孟子“道性善,言必称尧舜”。又曰:尧舜既殁,圣人道衰,暴君代作(孟子滕文公下)。意为:尧舜以后,圣人之道就衰落了,所出的都是暴君了。这样搞下去,国家还有希望吗?

孟子说:要想国家大治吗?有办法!恢复古制,用周文王的典章文物和制度,五、七年的功夫就可大治了。至于个人,则要尽量返回到本性中去,把先天就已具有的善性给发掘出来。“人皆可以为尧舜”,“万物皆备于我矣”;哪需要向外学习?满足于现有成就。视外国人为野蛮民族。以为自己都是好的,外国的都是坏的,而停滞自误 。

 
 
 2)导致了等级特权和虚伪败德

儒家认为人在善恶上有等差格局之分,性善说导致人自高自大,以圣贤、君子、好人自居。少数人被定为圣人君子,被豁免了作恶的可能性,从而置身于法律和众人之上;因此,自由、平等、博爱观念无法产生。

由于性善论,中国人认为通过努力学习就能成为至善、完美的范例;于是“学而优则仕”的官僚们自然便是善的典范;而不学习、不识字或学而不优的的平民百姓自然成了恶的刁民;于是善良的大人君子们对小人刁民们进行人治就是天经地义;官僚们拥有“刑不上大夫”的特权,不需要监督制约,结果是善良的官僚们在缺乏监督的状态下,干尽了坏事。

为了维护官僚们的“善”的形象,儒生们使出了看家本领——造假:编造尧、舜、禹等假人物、假事迹,并为掩盖历史真相而删削诗经、篡改春秋;孔丘是造假的鼻祖,儒生成为最早的造假集团;使得中国人说假话、办假事、造假货源远流长,泛滥成灾。

美国有一项科学测试发现:现代社会中的成年男性平均每24分钟就会想到性。这意味着当种种高尚的奋斗动机、理想由于种种原因遭你抛弃后,性欲,将最终成为你奋斗的唯一一个不体面、但最强有力的动机。或者说高尚动机、理想仅仅只是幌子;幌子下面,你正在作为性欲的奴隶,自觉不自觉地在受着性欲的驱使。不让上帝做你的主,情欲必做你的主。

由于儒家的性善论,使得中国人对“性”不敢正视,将“性”掩着、盖着、藏着、掖着;使得中国人迫害女性;使得中国人拥有表面仁义道德,背后男盗女娼的虚伪。

事实上,人从娘胎里一出生,就具有抢夺、妒忌、贪婪等自私自利的天性,只不过程度轻微罢了。儒生们硬说那是孩子的恶作剧,视为可爱,那就是自欺欺人的虚伪。

中国的俗语是:手心手被都是肉,儿是娘身上掉下的一块肉。许多中国人只有肉体,没有灵魂,没有精神,眼里只有钱;中国人心中没有神信仰与监督,所以时常偏离正道。譬如:吐痰、闯红灯等……只追求肉体快乐——吃喝玩乐、房中术、……导致了无数的犯罪。

 
 3)不存在一个独立的个人自治领域,政府可深入社会生活的所有领域。它的人性基础是:上智下愚。上等的“圣人之性”先天就善,不需要教育;“中民之性”和 “斗筲之性”需要教化、改造,方可臻于完善。因此,“内圣外王”的统治者以“修齐治平”、“化民成俗”为己任,强制改造人性。政府对个人生活无孔不入的干涉,剥夺了个人的隐私和良心自由。譬如:给女人裹小脚;康有为认为“民智未开”,主张开明专制,用皇权教化人民;民国时期呼唤救世主和好人政府的运动;毛通过洗脑运动来塑造社会主义“新人”等。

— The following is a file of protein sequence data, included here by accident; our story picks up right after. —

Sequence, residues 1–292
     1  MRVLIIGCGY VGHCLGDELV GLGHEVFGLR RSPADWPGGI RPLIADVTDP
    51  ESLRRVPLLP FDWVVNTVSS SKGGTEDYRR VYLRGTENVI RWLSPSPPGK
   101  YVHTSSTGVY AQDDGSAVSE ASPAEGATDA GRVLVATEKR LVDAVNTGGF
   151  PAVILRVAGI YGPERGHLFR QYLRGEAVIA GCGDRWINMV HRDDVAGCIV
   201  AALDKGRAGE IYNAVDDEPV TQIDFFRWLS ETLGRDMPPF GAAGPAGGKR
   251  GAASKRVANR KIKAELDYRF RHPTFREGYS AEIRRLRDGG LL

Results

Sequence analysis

4) “性善论”必然导致对人治即贤人政治的重视;对法律、法治的忽视。孟子说:“君仁莫不仁,君义莫不义,君正莫不正,一正君而国定矣”。孔子倡导“德主刑辅”,对良民以仁政、对刁民诉诸刑罚。这导致了对多数人的蔑视和虐待。在儒看来,法律仅意味着:驭民的工具,而掌权者自身是超乎法律之上的。法律的目标是维护统治秩序而非个人自由权利。突出公民服从义务和牺牲精神,保障人权的民法,进不了儒家的视野;因此刑法最为发达。

英国的享利•梅因说:一个国家文化的高低,看它的民法和刑法的比例就能知道。大凡半开化的国家,民法少而刑法多;进化的国家,民法多而刑法少。他这几句话被西方的学者奉为至理名言。日本有的法学家据此发挥说,中国古代只有刑法而没有民法,是一个半开化的、文化低落的国家。在我国,也有少数学者对此持赞同态度。

 
 5)从人性至善进而相信人的理性能力,相信人类能掌握规律,相信存在一个完善的社会状态,并笃信为实现这个完善的社会而存在一个至善的万能政府,从而加强了社会政治和意识形成的一元化管理趋势。自戊戌变法以来,儒教的人性善与西方舶来的理性主义结合,更加坚信人力无边、人定胜天、人应该宰制万物、征服自然。既然人的理性具有如此至上性,对天、对神的敬畏就不复存在,所谓用自然法来约束世间的权力就更无能为力了。

这些人自诩掌握了唯一正确的规律并宣称人类有驾驶自然的能力,而一旦拥有了足够的力量(或曰暴力),他们会把人间变为“美好社会”的试验场,从而也有了正当的理由来镇压不同政见者。长期受科学万能教育的中国人,很难认识到人的有限性。

6)对人性的错误认识,必然会得出错误的结论:正如柏拉图幻想哲学王的统治,中国的儒家性善论者一直盼望明君的出现,并没有致力于建构限制罪人的政治和法律架构。

儒教人性的至善性使制度设计者相信“人好一切都好”,关注权力的归属而轻权力的运行监控。中国的意识形态一直强调“克己复礼”,注重的只是“太子”个人内在的修行,并不注重社会制度的建构;并把无限的权力赋予某个人[王]或组织,这是罪人的狂妄之举。

儒教早把掌权者假设为以天下为公的圣贤了,对最高权力的控制就没有想过了。因此,自西汉到晚清二千年间未曾产生过实质性的分权制衡机制,无独立的司法审查制度(行政司法合一)、无类似于英国古老的“自然公正原则”的程序制度。百年宪政建设的焦点始终停留在“谁掌握了权力”以及掌权者如何通过宪法去巩固“胜利果实”这个层面上,因此创造了不到80年而颁布14部宪法典(草案)的世界奇迹。

 
 
 
 基督教认为人性恶,一无良善。亚当和夏娃经不住诱惑而偷食了禁果,这是人第一次违背上帝的命令,因而犯下了必须世代救赎的罪孽。